material and energy balances, thermodynamics, fluid flow, and heat and mass
transfer.
Are Food Science and Nutrition the same?
According to Murano, P.S. (2003), "the difference between
food science and nutrition is that nutrition deals with the
effects of foods in the person who consumes them, while
food science is concerned with the study of the chemical,
microbiological, physical, and sensory properties of foods
and their ingredients during processing, manufacture, and
storage."
How old is the discipline of Food Science?
Food science as a distinct discipline is quite new. However,
many aspects of "food science" have existed for many
centuries. Products derived from food fermentation
(biotechnology) have existed for thousands of years., For
example, there is evidence that people were fermenting
beverages in Babylon circa 5000 BC, ancient Egypt circa
3000 BC, and pre-Hispanic Mexico circa 2000 BC. Today we
know that fermentation not only contributes to a wide variety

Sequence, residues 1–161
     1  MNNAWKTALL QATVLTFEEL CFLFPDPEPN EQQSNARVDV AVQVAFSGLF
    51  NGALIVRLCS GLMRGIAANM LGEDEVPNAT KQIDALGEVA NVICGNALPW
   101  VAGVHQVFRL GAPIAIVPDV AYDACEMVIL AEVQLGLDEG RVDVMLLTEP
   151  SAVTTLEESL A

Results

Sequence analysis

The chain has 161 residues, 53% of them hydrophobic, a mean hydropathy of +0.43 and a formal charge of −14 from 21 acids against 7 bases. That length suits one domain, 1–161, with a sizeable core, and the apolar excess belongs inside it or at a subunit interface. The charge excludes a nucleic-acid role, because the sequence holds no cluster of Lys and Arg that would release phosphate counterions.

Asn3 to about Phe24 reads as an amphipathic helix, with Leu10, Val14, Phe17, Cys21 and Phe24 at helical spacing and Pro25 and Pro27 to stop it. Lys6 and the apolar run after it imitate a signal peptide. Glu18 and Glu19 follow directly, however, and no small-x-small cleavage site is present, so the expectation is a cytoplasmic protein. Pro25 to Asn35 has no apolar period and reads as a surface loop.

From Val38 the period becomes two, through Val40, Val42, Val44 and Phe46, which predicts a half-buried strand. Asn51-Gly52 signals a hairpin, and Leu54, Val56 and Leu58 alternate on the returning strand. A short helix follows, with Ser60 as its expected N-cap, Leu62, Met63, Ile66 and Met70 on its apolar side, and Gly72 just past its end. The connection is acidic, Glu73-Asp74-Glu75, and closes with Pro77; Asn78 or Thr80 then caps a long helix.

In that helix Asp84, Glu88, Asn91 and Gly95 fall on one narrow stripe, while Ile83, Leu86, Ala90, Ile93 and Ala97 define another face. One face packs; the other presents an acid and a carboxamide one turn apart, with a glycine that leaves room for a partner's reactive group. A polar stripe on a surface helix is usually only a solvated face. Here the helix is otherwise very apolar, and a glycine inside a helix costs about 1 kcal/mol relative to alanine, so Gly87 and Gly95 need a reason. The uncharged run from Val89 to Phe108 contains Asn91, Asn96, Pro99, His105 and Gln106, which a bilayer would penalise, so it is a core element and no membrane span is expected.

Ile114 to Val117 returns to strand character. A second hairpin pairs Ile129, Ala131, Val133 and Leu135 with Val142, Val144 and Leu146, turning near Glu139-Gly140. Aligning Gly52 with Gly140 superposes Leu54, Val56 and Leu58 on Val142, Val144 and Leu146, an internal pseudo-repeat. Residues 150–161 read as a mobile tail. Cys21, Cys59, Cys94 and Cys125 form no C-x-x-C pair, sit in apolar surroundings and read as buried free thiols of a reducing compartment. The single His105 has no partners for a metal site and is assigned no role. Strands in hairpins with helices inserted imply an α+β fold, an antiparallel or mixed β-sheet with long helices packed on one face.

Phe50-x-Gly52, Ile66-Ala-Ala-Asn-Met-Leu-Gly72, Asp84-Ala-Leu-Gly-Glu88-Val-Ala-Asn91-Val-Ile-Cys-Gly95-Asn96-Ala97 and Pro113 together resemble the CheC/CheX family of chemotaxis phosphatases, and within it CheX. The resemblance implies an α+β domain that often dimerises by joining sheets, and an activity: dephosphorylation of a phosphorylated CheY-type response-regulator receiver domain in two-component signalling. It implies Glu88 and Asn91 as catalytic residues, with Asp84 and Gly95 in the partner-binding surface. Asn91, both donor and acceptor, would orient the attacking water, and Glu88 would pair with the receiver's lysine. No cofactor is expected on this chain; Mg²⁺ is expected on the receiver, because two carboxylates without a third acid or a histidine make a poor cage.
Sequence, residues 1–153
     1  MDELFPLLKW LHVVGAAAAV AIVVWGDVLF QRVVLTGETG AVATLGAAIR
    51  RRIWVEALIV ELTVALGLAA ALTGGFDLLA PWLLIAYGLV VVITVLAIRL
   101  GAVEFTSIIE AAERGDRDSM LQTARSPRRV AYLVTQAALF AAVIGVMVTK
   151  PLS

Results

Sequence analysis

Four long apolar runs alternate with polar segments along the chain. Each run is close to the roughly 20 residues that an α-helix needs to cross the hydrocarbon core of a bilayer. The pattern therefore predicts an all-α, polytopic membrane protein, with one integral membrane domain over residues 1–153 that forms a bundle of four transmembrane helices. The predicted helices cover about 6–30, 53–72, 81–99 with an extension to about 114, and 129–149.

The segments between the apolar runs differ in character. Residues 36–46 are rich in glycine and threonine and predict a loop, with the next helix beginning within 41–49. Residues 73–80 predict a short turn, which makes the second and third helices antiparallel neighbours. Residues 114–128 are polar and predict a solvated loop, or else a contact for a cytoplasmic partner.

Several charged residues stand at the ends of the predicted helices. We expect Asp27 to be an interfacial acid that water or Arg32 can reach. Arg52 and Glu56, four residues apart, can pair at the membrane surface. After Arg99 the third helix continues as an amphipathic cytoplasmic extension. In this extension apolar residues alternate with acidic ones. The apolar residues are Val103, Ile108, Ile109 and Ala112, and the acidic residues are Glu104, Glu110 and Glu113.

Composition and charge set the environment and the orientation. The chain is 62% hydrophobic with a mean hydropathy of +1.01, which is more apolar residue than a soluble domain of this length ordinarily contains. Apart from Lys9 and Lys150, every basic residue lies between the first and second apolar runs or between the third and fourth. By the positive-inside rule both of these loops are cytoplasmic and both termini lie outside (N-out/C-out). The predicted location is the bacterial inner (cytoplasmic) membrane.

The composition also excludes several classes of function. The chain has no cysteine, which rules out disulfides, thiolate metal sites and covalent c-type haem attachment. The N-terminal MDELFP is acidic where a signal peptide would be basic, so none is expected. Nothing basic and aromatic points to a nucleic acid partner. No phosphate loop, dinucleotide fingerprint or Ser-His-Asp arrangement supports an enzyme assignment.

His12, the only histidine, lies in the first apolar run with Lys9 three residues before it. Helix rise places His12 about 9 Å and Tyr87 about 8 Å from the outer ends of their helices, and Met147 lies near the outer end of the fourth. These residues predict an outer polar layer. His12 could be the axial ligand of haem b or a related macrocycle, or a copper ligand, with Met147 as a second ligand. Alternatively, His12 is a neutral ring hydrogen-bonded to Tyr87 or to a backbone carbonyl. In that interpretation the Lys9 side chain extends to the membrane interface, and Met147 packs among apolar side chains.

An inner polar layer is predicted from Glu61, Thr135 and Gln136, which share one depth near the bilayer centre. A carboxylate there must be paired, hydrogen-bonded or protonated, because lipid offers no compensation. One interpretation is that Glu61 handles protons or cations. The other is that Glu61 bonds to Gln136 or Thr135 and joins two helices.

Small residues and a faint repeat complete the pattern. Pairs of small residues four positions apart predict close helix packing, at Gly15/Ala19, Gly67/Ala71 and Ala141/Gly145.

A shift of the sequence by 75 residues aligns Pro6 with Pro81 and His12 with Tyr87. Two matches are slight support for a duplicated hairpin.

of food products, but it also involves food processing and
preservation.
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Henry Holiday food in ancient Egypt
Source: http://commons.wikimedia.org/wiki/File:Henry_Holiday_food_in_ancient_Egypt.jpg
Another example dates back to 1795, when Emperor
Napoleon offered 12,000 francs for a new way of
preserving food for its army. It was the French
confectioner François Nicolas Appert who won the prize
by placing food in wide-mouthed bottles, then corking
and heating them in a water bath. The existence of
bacteria was not known at the time, and Appert did not
know the principle upon which his process depended;